If you're running a network performance monitoring system, I'll bet you think you have visibility into your network.
I say you don't – or at least that your vision may be a bit more blurry than you realized.
There are three kinds of lies: lies, d***ed lies, and statistics.
In reality there's nothing wrong with the statistics presented by a network performance management system so long as you understand the implications of the figures you're looking at, and don't take them as a literal truth. For example, when I set a utilization alarm threshold at 90% on a set of interfaces, what does 90% actually represent? If an application sends a burst of data and the interface is used at 95% of its capacity for 3 seconds, should that trigger an alarm? Of course not. How about if it's at 95% utilization for 3 minutes while a file transfer takes place; should that trigger an alarm? Maybe rather than triggering alarms on specific short term utilization peaks I should be forecasting on an hourly average utilization instead; that would even out the short term peaks while still tracking the overall load on the link.
And thus we touch on the murky world of network performance management and the statistical analysis that takes place in order to present the user with a single number to worry about. Each product developer will make their own decisions about how to process the numbers which means that given the same underlying data, each product on the market will likely generate slightly different results.
Garbage In, Garbage Out
Before any statistical analysis can take place, data must be gathered from the devices. "GIGO" implies that if the data are bad, the outputs will be bad, so what data are we gathering, and how good are they?
Monitoring systems will typically grab interface statistics every 5 minutes, and a standard MIB-II implementation can grab information such as:
- ifSpeed (or ifHighSpeed); the speed of the interface
- ifInOctets / ifHCInOctets (received octets, or bytes)
- ifOutOctets / ifHCOutOctets (sent octets, or bytes)
Since there is no "current utilization" MIB entry, two polls are required to determine interface utilization. The first sets a baseline for the current in/out counters, and the second can be used to determine the delta (change) in those values. Multiply the deltas by 8 (convert bytes to bit), divide that by polling interval in seconds and I have bits per second values which I can use in conjunction with the interface speed to determine the utilization of the interface. Or rather, I can determine the mean utilization for that time period. If the polling interval is five minutes, do I really know what happened on the network in that time?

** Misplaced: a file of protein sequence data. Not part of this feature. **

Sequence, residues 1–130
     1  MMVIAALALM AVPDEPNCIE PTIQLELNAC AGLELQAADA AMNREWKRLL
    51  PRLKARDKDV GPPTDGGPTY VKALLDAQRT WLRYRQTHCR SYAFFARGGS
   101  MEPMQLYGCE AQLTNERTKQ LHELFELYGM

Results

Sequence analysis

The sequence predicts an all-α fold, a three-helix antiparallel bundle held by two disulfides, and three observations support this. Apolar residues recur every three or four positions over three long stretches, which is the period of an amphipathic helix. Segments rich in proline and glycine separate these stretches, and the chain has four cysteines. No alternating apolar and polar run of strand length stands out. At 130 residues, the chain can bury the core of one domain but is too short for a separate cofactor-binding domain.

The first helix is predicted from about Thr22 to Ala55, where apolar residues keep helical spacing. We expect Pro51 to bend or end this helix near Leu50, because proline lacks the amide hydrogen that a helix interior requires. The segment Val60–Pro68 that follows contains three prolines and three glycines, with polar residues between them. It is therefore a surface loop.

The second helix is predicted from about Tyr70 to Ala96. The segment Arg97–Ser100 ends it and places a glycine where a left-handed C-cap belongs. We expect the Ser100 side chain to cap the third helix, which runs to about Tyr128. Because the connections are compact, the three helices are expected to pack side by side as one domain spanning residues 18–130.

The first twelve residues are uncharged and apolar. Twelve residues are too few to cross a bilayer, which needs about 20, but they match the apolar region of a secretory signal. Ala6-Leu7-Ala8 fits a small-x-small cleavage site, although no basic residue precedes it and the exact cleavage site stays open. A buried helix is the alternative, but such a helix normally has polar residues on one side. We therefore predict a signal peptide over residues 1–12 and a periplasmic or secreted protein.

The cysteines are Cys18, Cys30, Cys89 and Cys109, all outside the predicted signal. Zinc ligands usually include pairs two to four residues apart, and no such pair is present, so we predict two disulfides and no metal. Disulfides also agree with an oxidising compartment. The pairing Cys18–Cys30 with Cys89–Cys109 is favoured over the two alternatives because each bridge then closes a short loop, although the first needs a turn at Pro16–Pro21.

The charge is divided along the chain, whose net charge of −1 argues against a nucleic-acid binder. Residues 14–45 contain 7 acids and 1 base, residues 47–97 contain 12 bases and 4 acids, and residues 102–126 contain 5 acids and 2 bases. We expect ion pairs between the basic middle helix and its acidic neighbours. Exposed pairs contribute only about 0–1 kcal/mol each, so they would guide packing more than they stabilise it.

The charts below represent network interface utilization measured every 10 seconds over a five minute period:
All four charts have a mean utilization of 50% over that five minutes, so that's what a 5-minute poll would report. Do you still think you have visibility into your network?
Network performance management is one big, bad set of compromises, and here are a few of that issues that make it challenging to get right:
- Polling more often means more (and better resolution) data
- More data means more storage
- More data means more processing is required to "roll up" data for trending, or wide data range views, and so on.
- How long should historical data be kept?
- Is it ok to roll up data over a certain age and reduce the resolution? e.g. after 24 hours, take 1-minute polls and average them into 5-minute data points, and after a week average those into 15-minute data points, to reduce storage and processing?
- Is the network management system able to cope with performing more frequent polling?
- Can the end device cope with more frequent polling?
- Can I temporarily get real-time high-resolution data for an interface when I'm troubleshooting?
What Do You Do?
There is no correct solution here, but what do you do? If you've tried doing 1-minute poll intervals, how did that work out for you in terms of the load on the polling system and on the devices being polled? Have storage requirements been a problem? Do you have any horror stories where the utilization on a chart masked a problem on the network (I do, for sure). How do you feel about losing precision on data older than a day (for example), or should data be left untouched? Do you have a better way to track utilization than SNMP polling? I'm also curious if you simply hadn't thought about this before; are you thinking about it now?
I'd love to hear from you what decisions (compromises?) you have made or what solutions you deployed when monitoring your network, and why. Maybe I can learn a trick or two!